Asakichi: Hidden gem for bento in SF Japantown
Part of my personal tipping point to restart blogging has been my proximity to Japantown, and the many other families at Bug’s school who pack bentos. I’m in Japantown pretty much every weekday and have been enjoying exploring little stores that I haven’t been in before. I was surprised to find that Asakichi now carries about 100 high-quality boxes, which hasn’t had much attention yet from the bento blogs. (Disclosure: I don’t have any commercial affiliation with Asakichi, just like their bento selection.)
I chatted with the owner, and it turns out that there are four Asakichi stores in Japantown: one for iron teapots & most bento boxes, one for antiques (the main store with high-end bento boxes), and two others stocking incense & kimono. The Asakichi main store is the first space on your right as you walk in to the West Mall from the Peace Plaza — I found some exquisite bento boxes there, like this bento box finished with Sakura cherry wood (pricey at $67, but drool-worthy).
The main store also carries a variety of hand-crafted magewappa wooden bento boxes from Akita, Japan that are out of my price range ($100-$125 each), but beautiful. Magewappa is bent wood, and the boxes shown below are made from the Japanese cedar tree (sugi, or cryptomeria). They’re often unfinished, making them a bit finicky in terms of care (hand wash, air-dry thoroughly for a day before putting lid back on, don’t put staining or liquidy foods inside), but evidently rice packed in magewappa boxes takes on the lovely aroma of the wood. Maki at Just Bento did a wonderful post about her visit to magewappa workshop Shibata Yoshinobu Shoten in Odate, Japan.
Asakichi is the only store I’ve found in San Francisco that carries magewappa bento boxes, so is definitely a go-to destination for bento fans. Here’s their magewappa (or “wappa“) bento box selection, in a glass case at the counter.
The Asakichi bento & ironworks store is on the bridge between Japan Center’s West Mall and the Kinokuniya Building, on your left as you walk towards Kinokuniya. This shop carries about 100 bento boxes ranging from $20 to $40 (many from Hakoya and Kotobuki), although the highest-quality/price boxes are in the other Asakichi store with antiques. The guy at the Asakichi ironworks/bento store said that he’d love to get in some thermal bento boxes, so keep an eye on their inventory for those.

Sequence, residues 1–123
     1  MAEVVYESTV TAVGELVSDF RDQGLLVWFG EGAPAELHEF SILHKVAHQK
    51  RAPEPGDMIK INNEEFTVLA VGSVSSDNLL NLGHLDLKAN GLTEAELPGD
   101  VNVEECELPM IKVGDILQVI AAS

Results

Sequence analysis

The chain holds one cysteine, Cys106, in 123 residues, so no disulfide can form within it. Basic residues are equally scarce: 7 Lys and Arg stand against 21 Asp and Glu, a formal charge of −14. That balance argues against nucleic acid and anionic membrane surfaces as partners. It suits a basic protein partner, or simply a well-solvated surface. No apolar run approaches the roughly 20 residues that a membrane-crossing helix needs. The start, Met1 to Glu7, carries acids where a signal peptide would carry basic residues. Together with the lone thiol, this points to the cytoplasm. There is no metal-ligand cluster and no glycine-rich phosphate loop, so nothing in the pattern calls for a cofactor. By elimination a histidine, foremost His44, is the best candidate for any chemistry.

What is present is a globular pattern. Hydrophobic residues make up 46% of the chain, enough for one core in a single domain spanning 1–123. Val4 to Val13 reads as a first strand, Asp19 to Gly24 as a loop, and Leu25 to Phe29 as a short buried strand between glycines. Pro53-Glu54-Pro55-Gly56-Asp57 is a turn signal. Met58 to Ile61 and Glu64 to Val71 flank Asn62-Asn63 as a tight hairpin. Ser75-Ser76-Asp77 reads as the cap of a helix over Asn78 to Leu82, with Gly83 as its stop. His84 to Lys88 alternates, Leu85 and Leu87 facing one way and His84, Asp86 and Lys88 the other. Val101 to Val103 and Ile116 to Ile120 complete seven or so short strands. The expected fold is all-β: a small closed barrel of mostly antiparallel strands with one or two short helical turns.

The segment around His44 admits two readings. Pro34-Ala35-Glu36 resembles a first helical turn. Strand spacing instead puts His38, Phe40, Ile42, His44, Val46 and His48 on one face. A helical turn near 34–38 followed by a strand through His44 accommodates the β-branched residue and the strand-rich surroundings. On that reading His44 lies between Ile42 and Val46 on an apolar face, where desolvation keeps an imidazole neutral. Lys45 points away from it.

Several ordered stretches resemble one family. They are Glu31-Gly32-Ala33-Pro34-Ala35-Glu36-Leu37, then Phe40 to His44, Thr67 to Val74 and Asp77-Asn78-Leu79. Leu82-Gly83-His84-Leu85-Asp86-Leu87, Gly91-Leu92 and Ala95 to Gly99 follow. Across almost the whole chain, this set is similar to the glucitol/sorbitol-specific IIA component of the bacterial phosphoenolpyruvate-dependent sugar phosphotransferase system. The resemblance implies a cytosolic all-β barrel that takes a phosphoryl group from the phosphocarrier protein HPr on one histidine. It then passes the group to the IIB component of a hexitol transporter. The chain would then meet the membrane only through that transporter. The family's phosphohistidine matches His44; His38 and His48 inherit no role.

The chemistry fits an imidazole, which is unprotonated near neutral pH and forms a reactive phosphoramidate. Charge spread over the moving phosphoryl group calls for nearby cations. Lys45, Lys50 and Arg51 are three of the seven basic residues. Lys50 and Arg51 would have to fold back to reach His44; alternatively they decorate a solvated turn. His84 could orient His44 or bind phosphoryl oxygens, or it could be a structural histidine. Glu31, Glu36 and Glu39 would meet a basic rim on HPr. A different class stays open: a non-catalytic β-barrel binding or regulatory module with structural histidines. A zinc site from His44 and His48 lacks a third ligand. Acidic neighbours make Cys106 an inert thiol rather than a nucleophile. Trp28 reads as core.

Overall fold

I noticed that the Asakichi incense shop has an online store, but the owners say that they don’t sell their bento boxes online (just incense). Oh well.
Evidently the animal-themed bento boxes below are their best-sellers.
For email subscribers to Lunch in a Box, I’m sorry about the email late last week with a draft version of this post. I boneheadedly hit “publish” before the post was done, so you received my mid-process brain dump (d’oh!). I’m switching the RSS feed & email updates away from Feedburner to FeedPress. Email and RSS subscribers shouldn’t have to do anything extra, but if you’d like to be sure of receiving RSS updates you may want to delete the FeedBurner feed and add http://lunchinabox.net/feed.
Next post here will be actual food! :-)
Where to buy:
- Amazon: Wappa bento boxes (cheaper but lower quality), wooden bento boxes, Hakoya brand, and Kotobuki bento store
- Bento&Co: Magewappa bento boxes (pricey but high quality), non-plastic bento boxes, Hakoya collections (incl. modern)
- San Francisco Bay Area shopping guide for bento gear
- Bento Store Locator with Google Maps & reader input
- Care guide for bento gear
- Food safety for packed lunches
- Bento FAQ and Biggie’s top speed bento tips
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